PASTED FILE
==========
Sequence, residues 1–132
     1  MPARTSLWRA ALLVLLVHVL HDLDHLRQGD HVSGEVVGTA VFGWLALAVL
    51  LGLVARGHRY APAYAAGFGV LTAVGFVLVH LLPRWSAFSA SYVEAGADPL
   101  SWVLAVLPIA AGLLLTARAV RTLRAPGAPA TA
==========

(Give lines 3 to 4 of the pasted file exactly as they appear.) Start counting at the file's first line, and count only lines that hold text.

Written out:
    51  LGLVARGHRY APAYAAGFGV LTAVGFVLVH LLPRWSAFSA SYVEAGADPL
   101  SWVLAVLPIA AGLLLTARAV RTLRAPGAPA TA